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|Slepe stave||60,000 / 120,000|
Dan 3 končan
You might say Bryce Yockey called his shot.
After zeroing in on Event #51: $10,000 Pot-Limit Omaha Hi-Lo 8 or Better Championship, the very first $10K PLO8 tournament in the history of the WSOP, Yockey told friends and fellow poker players he was going to win it. He booked as many side bets as he could, gearing up for a game he once grinded a ton but has barely played in recent years.
There were some hairy moments, but Yockey did it , conquering a field of 207 for his first bracelet and a $511,147 payday.
"I just f****** came through," an elated Yockey said. "It feels really good. It's different than winning a $1,500 tournament. There's a lot of tough pros to get through. It felt good to get here."
Though Yockey lacked some experience in PLO8 after largely ignoring the game the past couple of years, he hasn't lacked in results. The Californian's previous four final table runs at the WSOP included two in PLO8. He got fifth in $1,500 PLO8 in 2015 for $50,171 and third in $5K PLO8 in 2011 for $180,180.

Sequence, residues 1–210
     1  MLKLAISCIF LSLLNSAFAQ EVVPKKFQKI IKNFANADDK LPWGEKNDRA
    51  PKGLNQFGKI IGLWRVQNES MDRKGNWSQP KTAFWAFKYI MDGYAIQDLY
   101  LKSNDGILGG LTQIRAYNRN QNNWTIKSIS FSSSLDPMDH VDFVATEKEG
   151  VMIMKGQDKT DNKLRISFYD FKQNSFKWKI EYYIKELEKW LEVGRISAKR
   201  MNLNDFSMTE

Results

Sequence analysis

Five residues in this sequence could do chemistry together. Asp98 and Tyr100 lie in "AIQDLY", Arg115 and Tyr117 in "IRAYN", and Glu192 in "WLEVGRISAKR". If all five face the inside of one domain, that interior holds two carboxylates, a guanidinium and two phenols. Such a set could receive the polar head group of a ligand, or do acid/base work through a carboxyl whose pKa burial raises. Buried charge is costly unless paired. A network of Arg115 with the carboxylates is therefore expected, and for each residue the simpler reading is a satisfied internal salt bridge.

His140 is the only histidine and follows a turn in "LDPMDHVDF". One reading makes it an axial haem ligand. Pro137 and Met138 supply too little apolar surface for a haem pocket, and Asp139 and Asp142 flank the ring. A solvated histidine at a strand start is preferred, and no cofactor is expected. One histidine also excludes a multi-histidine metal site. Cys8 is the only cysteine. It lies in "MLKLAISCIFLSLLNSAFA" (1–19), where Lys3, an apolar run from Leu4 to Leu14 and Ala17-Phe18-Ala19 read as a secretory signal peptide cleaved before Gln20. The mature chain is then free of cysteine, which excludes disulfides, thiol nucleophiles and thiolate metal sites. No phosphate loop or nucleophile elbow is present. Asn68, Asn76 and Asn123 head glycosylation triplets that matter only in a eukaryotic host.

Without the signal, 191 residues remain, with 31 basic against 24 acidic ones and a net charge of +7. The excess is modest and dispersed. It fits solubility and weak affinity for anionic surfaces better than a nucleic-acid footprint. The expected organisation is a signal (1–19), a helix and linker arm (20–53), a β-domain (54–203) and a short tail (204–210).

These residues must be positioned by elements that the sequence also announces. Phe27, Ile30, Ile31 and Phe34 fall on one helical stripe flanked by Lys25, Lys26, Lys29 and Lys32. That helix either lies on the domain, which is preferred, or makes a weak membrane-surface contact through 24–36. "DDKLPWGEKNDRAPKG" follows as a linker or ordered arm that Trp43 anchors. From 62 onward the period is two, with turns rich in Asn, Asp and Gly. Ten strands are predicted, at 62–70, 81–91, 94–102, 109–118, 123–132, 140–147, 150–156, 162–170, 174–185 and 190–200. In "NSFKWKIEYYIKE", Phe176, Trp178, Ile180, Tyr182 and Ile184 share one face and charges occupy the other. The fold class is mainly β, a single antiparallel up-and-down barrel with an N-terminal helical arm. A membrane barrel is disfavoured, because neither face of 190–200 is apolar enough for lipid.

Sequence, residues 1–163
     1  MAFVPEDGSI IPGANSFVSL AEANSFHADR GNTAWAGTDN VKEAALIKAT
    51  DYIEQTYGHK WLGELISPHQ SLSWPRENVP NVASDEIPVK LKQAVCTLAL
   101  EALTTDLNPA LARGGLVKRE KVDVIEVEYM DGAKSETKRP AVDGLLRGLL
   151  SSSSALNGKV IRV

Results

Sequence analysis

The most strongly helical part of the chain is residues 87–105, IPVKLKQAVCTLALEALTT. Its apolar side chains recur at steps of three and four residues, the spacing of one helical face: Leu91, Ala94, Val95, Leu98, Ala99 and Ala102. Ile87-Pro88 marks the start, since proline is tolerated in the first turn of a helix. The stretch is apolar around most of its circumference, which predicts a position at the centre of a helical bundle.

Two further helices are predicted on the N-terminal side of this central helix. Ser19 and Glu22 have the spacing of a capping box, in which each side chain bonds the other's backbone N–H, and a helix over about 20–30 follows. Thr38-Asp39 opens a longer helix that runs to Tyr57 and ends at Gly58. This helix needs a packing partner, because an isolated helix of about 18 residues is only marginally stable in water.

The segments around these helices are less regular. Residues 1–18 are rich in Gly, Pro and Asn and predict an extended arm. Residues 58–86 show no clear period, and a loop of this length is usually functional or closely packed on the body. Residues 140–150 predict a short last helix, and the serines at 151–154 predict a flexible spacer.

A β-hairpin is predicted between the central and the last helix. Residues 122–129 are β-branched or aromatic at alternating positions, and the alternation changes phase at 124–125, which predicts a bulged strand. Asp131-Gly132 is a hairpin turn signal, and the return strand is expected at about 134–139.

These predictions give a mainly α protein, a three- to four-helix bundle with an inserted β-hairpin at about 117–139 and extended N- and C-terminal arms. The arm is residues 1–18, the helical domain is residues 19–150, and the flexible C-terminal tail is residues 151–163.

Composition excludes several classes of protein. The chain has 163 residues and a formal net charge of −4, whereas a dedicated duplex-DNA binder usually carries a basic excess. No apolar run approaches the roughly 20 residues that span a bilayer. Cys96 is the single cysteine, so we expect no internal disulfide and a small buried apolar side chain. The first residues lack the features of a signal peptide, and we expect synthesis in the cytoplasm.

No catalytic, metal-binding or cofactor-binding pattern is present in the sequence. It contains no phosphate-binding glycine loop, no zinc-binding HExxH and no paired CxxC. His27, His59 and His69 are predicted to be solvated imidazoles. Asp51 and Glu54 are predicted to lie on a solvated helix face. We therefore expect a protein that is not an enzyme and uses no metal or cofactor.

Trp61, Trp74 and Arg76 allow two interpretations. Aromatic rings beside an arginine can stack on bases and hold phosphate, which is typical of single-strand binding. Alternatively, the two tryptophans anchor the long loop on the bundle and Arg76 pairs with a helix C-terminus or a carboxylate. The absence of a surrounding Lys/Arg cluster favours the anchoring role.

Yockey had also gotten off to a hot start at this year's WSOP, with a final table run in the Millionaire Maker, cashing fifth for $317,544. He also said he's been on a heater in cash games, a welcome change from what he described as a bad downswing before the summer.
"I just came in brimming with confidence," he said. "I feel like half of poker is your mindset anyways."
Yockey wound up needing to get through a bigger field than expected, though. The event's inaugural running can't be termed anything other than a massive success after drawing double the runners of some of the other $10K championship events.